Port Ludlow man gets prison sentence for bilking seniors

Leader news staff
news@ptleader.com
Posted 10/23/20

A Port Ludlow man has been sentenced to a year in prison for stealing more than $250,000 from elderly and disabled clients in Kitsap County.

Wayne Jerome Houston, 61, was owner and operator of the …

This item is available in full to subscribers.

Please log in to continue

E-mail
Password
Log in

Port Ludlow man gets prison sentence for bilking seniors

Posted

A Port Ludlow man has been sentenced to a year in prison for stealing more than $250,000 from elderly and disabled clients in Kitsap County.

Wayne Jerome Houston, 61, was owner and operator of the Cross Point Services, a guardianship organization for disabled and vulnerable adults.

Houston had been appointed by Kitsap County and Suquamish Tribal Court judges to handle finances for elderly and disabled clients, but authorities said Houston stole from them for more than seven years.

He was given a one-year prison term, plus an additional day, by U.S. District Judge Robert J. Bryan at his Oct. 8 sentencing hearing in U.S. District Court in Tacoma.

Prosecutors said Houston raided the accounts of 21 different clients. 

Bryan called it “a very sad situation all the way around.”

Houston was also ordered to pay $256,336 in restitution for Social Security representative payee fraud.  

“This was not only a fraud on the federal benefits system that is designed to provide a safety net for our most vulnerable, it was a fraud on the court which endeavors to protect such vulnerable elders,” said U.S. Attorney Brian T. Moran.

“On each of the 240 times he transferred funds, withdrew cash, or wrote checks for his own benefit, this defendant betrayed the trust that had been placed in him,” Moran added.

Houston and his company were responsible for managing the financial affairs of about two dozen clients a month, according to court documents.

Houston had access to the clients’ bank accounts so he could pay rent, utilities, and other bills for them, according to the plea agreement.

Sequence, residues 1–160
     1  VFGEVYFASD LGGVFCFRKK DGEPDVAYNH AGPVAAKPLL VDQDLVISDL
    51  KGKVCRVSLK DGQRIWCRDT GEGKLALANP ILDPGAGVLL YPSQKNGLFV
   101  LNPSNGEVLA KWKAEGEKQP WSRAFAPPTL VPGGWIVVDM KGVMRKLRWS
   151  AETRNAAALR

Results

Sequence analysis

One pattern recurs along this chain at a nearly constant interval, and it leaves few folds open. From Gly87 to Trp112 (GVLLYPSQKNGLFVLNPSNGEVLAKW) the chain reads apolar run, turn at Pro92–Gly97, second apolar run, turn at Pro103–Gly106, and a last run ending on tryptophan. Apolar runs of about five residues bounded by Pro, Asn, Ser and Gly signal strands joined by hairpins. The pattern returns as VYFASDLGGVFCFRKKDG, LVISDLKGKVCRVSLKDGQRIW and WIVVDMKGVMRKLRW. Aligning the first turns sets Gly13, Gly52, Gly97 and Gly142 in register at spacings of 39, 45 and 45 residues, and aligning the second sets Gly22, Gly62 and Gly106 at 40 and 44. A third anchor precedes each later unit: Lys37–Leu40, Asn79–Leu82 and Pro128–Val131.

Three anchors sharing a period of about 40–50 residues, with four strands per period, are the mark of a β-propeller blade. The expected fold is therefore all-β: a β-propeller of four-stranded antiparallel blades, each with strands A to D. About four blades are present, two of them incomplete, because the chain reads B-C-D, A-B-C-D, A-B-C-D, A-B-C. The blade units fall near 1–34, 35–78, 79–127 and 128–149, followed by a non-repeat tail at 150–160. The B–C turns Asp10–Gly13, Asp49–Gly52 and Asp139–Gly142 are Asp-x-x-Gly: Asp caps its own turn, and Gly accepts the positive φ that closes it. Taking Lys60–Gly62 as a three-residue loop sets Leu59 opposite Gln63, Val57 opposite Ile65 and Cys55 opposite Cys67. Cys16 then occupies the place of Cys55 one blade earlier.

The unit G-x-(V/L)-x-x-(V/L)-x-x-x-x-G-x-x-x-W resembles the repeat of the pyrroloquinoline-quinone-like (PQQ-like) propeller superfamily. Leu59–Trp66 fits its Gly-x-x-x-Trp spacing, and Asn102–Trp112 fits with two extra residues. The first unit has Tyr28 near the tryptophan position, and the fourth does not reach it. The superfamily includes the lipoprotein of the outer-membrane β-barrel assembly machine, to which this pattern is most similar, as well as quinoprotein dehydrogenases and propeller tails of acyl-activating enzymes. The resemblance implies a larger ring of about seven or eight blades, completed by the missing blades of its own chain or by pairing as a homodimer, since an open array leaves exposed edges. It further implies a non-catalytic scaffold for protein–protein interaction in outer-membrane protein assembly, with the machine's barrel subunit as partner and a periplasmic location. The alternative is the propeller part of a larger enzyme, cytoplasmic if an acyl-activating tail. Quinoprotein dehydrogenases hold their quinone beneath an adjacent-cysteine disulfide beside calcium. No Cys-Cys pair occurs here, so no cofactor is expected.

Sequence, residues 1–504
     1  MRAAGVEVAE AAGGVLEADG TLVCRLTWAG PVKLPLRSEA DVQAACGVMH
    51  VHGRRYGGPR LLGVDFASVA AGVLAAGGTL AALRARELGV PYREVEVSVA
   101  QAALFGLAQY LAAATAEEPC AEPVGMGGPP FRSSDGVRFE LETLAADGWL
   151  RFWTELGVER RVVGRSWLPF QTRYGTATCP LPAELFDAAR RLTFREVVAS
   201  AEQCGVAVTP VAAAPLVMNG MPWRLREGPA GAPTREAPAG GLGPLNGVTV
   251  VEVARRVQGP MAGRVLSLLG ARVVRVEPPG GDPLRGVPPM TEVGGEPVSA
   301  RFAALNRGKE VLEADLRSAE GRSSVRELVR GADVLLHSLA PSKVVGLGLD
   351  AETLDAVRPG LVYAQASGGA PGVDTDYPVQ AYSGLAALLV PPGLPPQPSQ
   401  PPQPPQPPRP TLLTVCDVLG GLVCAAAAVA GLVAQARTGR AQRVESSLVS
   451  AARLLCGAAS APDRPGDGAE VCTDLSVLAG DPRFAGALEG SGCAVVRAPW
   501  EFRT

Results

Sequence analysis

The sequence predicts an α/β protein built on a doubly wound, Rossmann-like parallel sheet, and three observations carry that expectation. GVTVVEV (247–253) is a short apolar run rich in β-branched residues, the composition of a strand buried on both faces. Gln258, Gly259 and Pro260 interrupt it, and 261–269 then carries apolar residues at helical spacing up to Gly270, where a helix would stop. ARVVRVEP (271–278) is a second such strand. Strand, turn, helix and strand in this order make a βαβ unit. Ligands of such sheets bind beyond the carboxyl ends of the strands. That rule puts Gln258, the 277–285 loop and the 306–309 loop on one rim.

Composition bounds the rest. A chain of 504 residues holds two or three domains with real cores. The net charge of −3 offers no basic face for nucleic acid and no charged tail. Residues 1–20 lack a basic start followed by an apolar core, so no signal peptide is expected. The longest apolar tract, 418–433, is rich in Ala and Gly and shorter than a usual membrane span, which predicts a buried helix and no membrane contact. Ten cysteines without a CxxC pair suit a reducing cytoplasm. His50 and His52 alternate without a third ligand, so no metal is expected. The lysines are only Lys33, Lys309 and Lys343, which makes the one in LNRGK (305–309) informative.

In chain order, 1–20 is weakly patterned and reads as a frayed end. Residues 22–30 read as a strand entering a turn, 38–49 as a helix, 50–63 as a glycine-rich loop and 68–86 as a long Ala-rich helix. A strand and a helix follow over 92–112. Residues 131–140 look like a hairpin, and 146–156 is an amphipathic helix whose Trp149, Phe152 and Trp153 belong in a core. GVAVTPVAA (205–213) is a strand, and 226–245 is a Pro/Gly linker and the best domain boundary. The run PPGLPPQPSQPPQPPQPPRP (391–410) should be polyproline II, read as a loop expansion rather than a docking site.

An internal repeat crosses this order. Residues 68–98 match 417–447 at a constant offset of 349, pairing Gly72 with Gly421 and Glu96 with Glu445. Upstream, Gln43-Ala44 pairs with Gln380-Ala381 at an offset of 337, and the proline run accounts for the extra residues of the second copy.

Social Security benefits, however, were paid into some of the accounts for at least 13 clients who required a representative payee to manage their benefits. Authorities said that starting in 2010, Houston used his position as guardian to write checks to himself from the victim accounts. 

He also wrote checks to Cross Point Services, or to cash, and used ATMs to withdraw money from client accounts and used it for his own expenses.

Prosecutors said he targeted clients who had significant income or resources so that the theft was less likely to be detected. A total of 21 clients were victims of theft, ranging from a low of $200 to more than $66,000.

“The true victims may never be made whole,” retired Kitsap County Superior Court Judge Anna Laurie told the court before Houston’s sentencing. 

“At least two have died since his criminal conduct became visible, and many went months without sufficient resources while their successor guardians struggled to pay bills and maintain care,” she added.

A granddaughter of one of the victims said her 90-year-old grandfather “was left with nothing.”

“He got ill and we had to fight for his care. It was so hard having to tell him that once again he had been betrayed ... That he didn’t have any money to pay his bills because Mr. Houston had taken it,” she added.

The case was investigated by the Social Security Administration Office of Inspector General and the Kitsap County Sheriff’s Office.

Comments

No comments on this story | Please log in to comment by clicking here
Please log in or register to add your comment